A few things.
On the backend, the tech is primarily nodejs and scala. The backend services run on mesos+docker on EC2 instances in AWS. We use MongoDB and S3 for our storage, and SQS for our queueing systems. The machine learning models and associated work is in python, and we use angular for the frontend.
We set up mostly autonomous teams that focus on specific areas of the business or the product over a 6-week cycle. An area might be a big new feature, or focusing on specific known problem areas (e.g., multi-participant meetings) and building a lot of small improvements
Each of the teams typically do weekly sprint planning, daily stand-ups and occasional retros.
This is a pretty effective way of helping teams and people focus and deliver at high speed. But with the focus on delivering big in specific areas, small bugs from previous cycles or general user requests for smaller things sometimes fall through the cracks.
System complexity, and changing/new requirements, often means that the code that was written a year ago does not fully reflect the new system and new data. This makes it difficult to make changes to that piece of code, especially if you’re not the original author of that piece of code. It’s a tough challenge but, as soon as we identify it, we try and find opportunities to refactor it, especially if we think that we’re going to make a lot of changes to that system in the near term.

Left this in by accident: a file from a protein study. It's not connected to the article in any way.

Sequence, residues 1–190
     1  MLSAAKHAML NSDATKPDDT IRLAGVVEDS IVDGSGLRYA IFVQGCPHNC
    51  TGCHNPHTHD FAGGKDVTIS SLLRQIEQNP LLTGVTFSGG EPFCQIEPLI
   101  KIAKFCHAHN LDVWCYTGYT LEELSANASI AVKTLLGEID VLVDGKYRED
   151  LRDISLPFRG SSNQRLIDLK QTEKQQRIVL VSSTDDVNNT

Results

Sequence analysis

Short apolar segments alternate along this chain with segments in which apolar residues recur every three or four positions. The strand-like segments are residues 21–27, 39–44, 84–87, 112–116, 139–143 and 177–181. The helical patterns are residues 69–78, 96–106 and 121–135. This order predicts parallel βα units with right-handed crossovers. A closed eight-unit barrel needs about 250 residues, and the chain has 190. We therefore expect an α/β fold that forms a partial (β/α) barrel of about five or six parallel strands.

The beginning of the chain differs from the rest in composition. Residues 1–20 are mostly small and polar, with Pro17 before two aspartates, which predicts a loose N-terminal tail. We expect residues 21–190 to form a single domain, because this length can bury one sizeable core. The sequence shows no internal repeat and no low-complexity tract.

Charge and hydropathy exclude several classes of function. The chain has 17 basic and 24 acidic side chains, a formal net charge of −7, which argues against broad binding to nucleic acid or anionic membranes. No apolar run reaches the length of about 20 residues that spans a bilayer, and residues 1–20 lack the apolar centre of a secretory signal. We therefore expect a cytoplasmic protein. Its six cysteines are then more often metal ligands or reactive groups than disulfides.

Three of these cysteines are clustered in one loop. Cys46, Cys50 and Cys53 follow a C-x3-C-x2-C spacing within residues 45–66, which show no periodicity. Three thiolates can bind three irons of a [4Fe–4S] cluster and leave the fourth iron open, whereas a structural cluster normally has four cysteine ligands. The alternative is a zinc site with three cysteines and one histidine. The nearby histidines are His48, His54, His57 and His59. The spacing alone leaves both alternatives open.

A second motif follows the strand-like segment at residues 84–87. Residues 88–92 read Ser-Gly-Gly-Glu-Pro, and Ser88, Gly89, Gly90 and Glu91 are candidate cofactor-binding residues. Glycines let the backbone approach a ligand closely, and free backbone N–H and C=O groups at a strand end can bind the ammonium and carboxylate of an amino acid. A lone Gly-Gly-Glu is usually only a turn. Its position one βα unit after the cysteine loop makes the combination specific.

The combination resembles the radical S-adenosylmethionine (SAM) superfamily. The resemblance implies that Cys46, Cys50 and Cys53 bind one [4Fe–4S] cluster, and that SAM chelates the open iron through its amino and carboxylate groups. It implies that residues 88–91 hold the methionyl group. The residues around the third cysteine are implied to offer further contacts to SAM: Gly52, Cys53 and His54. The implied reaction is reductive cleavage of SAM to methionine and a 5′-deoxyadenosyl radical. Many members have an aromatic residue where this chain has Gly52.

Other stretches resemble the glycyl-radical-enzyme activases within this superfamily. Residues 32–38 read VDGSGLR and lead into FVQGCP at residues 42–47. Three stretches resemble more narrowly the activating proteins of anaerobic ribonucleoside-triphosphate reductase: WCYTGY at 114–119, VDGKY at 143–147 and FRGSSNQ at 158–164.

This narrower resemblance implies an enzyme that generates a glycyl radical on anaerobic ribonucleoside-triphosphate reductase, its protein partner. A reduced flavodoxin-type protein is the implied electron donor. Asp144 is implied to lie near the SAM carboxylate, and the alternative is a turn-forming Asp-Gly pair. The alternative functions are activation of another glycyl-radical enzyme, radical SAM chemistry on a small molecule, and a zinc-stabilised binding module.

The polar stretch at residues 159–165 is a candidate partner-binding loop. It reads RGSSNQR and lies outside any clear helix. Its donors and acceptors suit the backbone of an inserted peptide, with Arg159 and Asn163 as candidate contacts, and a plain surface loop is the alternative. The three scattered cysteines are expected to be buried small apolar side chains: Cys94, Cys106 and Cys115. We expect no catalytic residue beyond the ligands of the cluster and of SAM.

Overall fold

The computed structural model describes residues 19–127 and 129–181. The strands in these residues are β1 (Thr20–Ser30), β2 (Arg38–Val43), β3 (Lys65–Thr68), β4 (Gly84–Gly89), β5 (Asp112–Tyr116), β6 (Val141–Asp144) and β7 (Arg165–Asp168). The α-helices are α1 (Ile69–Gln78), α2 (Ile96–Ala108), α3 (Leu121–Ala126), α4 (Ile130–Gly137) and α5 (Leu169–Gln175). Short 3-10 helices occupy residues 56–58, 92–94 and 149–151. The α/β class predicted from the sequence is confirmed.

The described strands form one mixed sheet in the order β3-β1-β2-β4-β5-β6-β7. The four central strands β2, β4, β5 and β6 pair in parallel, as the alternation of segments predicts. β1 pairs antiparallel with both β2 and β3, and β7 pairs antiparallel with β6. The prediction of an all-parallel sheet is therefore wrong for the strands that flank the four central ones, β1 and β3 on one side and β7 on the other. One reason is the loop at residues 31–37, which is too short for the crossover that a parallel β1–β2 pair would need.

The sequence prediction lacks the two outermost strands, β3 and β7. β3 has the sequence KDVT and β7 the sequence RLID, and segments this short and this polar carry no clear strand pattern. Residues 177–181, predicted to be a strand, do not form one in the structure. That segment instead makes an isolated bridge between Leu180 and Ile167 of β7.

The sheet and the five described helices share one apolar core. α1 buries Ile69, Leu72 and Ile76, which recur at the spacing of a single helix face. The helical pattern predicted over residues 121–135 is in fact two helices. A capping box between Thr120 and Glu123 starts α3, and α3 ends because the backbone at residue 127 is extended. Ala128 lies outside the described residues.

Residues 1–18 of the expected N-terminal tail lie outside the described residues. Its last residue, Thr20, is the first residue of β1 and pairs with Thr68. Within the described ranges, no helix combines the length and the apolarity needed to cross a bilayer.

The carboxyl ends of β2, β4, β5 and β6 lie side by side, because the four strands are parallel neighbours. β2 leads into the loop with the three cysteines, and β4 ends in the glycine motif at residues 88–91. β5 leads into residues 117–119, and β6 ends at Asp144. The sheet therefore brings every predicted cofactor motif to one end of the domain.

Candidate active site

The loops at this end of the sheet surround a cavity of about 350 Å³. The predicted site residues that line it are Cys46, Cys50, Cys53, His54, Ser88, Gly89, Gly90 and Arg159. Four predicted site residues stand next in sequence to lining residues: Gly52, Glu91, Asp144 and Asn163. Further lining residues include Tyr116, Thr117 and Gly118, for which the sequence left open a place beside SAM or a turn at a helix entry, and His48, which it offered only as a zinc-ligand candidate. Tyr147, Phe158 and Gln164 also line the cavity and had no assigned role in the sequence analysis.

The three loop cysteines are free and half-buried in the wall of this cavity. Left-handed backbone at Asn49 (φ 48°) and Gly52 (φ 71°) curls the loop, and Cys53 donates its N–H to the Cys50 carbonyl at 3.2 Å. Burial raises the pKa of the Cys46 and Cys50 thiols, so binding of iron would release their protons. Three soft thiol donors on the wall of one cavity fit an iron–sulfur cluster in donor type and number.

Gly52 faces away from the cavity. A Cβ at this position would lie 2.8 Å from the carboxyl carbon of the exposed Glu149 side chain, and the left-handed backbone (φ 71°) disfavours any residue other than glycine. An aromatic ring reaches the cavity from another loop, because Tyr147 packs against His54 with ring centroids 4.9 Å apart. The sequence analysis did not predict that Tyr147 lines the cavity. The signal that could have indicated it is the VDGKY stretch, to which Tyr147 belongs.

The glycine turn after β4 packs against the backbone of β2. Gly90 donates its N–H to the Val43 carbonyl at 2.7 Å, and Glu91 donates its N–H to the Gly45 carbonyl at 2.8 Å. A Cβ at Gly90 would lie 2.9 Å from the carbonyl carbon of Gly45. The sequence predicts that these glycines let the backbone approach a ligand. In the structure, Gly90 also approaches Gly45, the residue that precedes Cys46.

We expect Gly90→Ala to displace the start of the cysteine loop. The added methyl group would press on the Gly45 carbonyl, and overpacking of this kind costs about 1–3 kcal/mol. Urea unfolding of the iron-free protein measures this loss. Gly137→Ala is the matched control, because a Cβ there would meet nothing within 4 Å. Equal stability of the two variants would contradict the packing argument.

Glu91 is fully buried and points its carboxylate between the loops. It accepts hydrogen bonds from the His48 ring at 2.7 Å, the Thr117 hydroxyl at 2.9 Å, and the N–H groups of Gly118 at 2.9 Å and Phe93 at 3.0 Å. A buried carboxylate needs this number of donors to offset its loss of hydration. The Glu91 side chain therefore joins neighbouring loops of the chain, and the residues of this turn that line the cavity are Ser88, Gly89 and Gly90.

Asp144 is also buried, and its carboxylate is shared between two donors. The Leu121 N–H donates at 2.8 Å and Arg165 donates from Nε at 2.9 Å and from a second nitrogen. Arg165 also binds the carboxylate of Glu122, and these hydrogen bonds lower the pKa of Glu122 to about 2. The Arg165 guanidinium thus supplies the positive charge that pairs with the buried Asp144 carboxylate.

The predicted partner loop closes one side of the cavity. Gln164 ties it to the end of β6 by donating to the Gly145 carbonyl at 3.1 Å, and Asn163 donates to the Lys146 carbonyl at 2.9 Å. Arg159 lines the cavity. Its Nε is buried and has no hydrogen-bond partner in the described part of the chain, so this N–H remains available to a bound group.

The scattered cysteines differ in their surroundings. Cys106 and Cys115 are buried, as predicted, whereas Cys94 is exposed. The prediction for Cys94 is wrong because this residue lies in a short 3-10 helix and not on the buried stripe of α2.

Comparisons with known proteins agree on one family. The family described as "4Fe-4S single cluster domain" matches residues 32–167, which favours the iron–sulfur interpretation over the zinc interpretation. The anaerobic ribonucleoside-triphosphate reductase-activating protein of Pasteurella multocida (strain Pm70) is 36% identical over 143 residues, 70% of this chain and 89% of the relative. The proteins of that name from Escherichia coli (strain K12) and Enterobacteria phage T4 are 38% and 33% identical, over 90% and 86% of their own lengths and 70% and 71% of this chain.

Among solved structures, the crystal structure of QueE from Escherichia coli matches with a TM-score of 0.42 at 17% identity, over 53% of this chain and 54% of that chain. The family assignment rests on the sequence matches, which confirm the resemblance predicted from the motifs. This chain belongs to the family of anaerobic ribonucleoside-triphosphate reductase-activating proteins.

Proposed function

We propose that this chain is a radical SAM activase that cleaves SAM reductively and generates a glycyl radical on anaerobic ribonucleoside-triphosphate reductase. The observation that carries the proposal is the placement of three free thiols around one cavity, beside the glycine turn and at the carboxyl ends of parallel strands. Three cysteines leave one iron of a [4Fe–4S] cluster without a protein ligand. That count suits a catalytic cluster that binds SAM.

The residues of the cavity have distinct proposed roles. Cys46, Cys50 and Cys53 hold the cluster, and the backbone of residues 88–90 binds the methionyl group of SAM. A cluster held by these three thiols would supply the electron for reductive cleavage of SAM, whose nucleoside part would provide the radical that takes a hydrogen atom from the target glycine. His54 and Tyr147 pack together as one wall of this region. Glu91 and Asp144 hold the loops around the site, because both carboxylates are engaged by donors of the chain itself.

A related problem is on-boarding of new team members. We encourage new team members to use the product like power users and understand what it does under complicated scenarios. It then becomes a lot easier for them to understand why something was written the way it was, when they go and read the code for a particular component.
Both still unsolved though, otherwise they would not be pain points!
Great question, and this is not easy.
Urgent bugs take priority over all longer term term initiatives, even if it sometimes means that the initiative gets delayed by a bit. However, the smaller bugs and feature requests are harder. While one small bug by itself is not a major issue, many small bugs or feature requests in aggregate make for a poor user experience.
We have tried processes like “Bug Bash Friday” or “On-call focuses on bugs” with some, but limited, success. We have also had teams spend a few 6-week cycles focused on polishing the non-urgent issues.
In my experience, exposing engineers directly to the customers voice is very effective in terms of helping us identifying the pain points in the system, and finding good solutions to their problems and feature requests. We have a few channels on Slack where customer feedback directly gets piped in, and these are available for all to read. [Editor Note: We do this at Clubhouse too!]